It is naïve for anyone to enter into a screening of Hsiao-Hsien Hou’s The Assassin and expect to witness the type of energetic action and forthright narrative found in a House of Flying Daggers. As one of the pioneers of New Taiwanese Cinema, Hou’s elliptical storytelling and sensuous, contemplative visuals have become mandatory traits of his directorship, and are used for wonderful symbolic effect in the film that won him Best Director at last year’s Cannes Film Festival. Frustratingly evasive and beautifully still in both its narrative and scenes, The Assassin is a film that must be met with no expectations in order to fully taste its nectar.
In 9th century China, during the golden age of the Tang dynasty, Jiaxin, a Taoist nun (Fang-Yi Sheu) raises a young girl to be both efficient and effective in the art of killing. Nie Yinniang (Shu Qi) glides like a phantom through the trees before nimbly executing a man on horseback in one of the monochromatic opening scenes, yet when her next target cradles his sleeping son on a still evening, her blade remains bloodless at the sight. Disgruntled with her ward’s emotional attachment, Jiaxin sends Yinniang to Weibo province in northern China – where conflict with the Imperial Court is simmering under the surface – to despatch its governor, Tian Ji’an (Chang Chen): both her cousin and the man she was once betrothed to.
Yinniang’s hesitancy is encapsulated in scenes of tranquil stillness edged by moments of swift, highly charged martial arts, although the latter are sparse, quickly concluded and unoriginal in choreography. Yet these kinetic moments allow the mesmerising, realistic shots of life to be more startling in their dissonance: Yinniang silently weeping into her hands as the curtains dance to the wind behind her, a long pan over a grey lake, the silhouettes of trees lying flat in the backdrop as a flock of birds flicker across the sky. The Assassin is a patchwork of these enchanting moments, shot on 35mm film that produces luxurious, hypnotic colours and movement in scenes that say nothing but mean everything. Despite their meditative quality, they encompass a level of simmering anxiety in their stillness, such as when the camera moves slowly behind a fluttering veil as Tian Ji’an is with his concubine, placing an audience in the voyeuristic position of the assassin.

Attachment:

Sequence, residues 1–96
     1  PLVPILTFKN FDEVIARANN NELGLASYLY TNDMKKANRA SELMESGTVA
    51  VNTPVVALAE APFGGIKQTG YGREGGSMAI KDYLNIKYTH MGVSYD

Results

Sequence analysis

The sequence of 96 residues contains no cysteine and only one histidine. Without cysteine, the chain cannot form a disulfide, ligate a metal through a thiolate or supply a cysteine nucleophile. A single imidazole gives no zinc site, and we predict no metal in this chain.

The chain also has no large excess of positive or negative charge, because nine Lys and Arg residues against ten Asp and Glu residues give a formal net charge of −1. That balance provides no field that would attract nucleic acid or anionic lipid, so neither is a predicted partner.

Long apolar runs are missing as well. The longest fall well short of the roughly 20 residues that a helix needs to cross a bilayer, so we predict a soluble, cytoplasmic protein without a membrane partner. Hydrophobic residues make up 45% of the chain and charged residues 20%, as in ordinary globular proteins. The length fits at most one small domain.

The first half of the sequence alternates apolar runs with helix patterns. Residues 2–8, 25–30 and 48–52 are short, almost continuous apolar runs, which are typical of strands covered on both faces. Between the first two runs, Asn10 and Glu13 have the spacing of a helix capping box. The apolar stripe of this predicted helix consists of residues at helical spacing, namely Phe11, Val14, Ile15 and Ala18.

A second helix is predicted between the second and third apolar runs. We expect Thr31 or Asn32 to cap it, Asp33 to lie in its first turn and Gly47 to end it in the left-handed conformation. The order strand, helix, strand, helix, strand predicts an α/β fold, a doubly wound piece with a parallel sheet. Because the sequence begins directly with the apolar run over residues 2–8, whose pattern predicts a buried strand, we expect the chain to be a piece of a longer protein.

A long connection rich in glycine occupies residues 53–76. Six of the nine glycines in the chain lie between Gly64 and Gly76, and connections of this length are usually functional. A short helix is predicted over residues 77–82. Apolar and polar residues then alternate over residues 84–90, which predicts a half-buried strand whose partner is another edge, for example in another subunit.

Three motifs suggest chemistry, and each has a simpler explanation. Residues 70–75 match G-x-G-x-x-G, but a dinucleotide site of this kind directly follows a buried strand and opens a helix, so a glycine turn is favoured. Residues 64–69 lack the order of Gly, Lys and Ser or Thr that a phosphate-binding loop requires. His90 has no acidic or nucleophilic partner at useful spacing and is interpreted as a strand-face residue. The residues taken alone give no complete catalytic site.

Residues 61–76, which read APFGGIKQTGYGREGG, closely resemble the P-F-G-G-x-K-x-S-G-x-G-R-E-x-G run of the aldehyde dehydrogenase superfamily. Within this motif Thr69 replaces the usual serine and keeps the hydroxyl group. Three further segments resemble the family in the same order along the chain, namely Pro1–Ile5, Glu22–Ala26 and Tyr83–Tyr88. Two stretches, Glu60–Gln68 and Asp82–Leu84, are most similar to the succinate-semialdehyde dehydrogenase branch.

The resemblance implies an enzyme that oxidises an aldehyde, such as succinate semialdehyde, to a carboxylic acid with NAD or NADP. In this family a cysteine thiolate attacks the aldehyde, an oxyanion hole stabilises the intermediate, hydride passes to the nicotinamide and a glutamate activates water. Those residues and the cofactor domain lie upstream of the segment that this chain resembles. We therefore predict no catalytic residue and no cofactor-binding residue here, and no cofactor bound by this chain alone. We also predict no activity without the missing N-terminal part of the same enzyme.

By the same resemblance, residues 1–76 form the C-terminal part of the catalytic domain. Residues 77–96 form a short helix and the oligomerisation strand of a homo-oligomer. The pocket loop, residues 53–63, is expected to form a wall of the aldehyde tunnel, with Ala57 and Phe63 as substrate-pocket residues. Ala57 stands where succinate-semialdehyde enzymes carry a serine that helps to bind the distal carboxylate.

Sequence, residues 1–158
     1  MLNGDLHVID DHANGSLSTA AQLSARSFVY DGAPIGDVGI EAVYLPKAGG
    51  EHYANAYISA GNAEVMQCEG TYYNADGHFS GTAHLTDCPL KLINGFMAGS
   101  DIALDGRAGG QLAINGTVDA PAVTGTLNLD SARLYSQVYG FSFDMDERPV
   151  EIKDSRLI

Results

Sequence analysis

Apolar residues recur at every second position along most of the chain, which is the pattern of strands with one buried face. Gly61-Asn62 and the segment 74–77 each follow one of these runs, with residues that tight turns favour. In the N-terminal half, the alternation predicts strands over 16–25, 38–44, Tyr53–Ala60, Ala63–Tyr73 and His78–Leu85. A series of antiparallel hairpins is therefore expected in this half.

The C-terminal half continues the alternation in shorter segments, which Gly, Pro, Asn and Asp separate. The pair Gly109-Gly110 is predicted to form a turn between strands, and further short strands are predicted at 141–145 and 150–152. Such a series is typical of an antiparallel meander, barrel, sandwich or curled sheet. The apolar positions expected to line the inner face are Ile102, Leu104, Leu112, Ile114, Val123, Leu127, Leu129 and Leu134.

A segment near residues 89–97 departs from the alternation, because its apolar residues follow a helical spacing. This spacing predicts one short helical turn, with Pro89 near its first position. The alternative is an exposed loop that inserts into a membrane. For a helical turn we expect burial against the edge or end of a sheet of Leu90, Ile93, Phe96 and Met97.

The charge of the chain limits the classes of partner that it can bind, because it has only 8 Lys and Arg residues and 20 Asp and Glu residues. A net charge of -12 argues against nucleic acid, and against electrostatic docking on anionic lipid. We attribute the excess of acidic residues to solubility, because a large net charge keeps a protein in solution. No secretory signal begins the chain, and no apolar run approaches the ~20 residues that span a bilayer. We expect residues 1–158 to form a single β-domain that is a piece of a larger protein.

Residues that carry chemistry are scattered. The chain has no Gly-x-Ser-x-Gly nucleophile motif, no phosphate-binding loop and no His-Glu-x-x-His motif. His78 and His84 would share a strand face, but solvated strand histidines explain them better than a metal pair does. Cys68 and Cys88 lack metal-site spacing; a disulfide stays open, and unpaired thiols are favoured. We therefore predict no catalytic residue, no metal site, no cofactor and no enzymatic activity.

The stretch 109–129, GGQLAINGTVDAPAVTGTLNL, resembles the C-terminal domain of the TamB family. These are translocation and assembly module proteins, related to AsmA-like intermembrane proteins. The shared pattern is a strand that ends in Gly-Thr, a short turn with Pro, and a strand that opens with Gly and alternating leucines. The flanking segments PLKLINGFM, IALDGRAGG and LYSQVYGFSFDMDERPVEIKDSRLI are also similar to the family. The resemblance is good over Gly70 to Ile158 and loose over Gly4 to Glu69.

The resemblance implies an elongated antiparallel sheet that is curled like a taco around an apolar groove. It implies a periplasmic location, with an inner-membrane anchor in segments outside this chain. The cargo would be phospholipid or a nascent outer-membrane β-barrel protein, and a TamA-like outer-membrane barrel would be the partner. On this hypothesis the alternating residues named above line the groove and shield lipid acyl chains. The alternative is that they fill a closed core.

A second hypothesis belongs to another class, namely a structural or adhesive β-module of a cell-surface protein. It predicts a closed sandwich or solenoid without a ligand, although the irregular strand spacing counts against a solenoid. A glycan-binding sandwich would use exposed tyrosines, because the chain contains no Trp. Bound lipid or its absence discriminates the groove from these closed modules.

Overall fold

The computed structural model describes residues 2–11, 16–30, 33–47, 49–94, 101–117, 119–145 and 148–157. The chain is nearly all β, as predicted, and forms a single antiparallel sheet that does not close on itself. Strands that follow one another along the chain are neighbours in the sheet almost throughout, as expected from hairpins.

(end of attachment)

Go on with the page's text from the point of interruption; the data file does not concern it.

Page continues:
Yet the evasive, cryptic narrative ensures that our voyeurism is not entirely indulged: scattered, sparse dialogue and scenes of silence create a story that slowly creeps on without ever hinting at significant narrative points or turns. Whilst exasperating, it does produce an active audience, not mere observers but participators, scanning the visuals for clues and attempting to piece it all together after the credits roll. Huo’s still scenes are infused with the vigorous energy of an audience desperately trying to make sense of it all. Even its characters are full of bubbling, internal energy that only tinges their surface: Shu Qi performs her role as Yinniang with understated elegance, her face and movements both bewitching and emotive even in their stillness. Chang Chen is charming and grand in his screen presence, his bold swagger creating tension in every scene that he’s a part of, and Zhou Yun wonderfully hints at the crafted cunning used within the social circles of power as Tian Ji’an’s wife.
The Assassin is a film that requires more than one viewing in order to receive the entire force of its impact, since the struggle of its evasive narrative can be maddening at times, especially to audiences whom are fed on flashbacks, pandering dialogue and deus ex machinas. However, it is this sense of mystery that colours the film, that leaves it reeling in your head for days after its beautifully muted closing scene. If you expect Crouching Tiger, Hidden Dragon then The Assassin will disappoint you. If you relinquish yourself to Hao’s realistic stillness and visual beauty, it is one of the most captivating films of the year.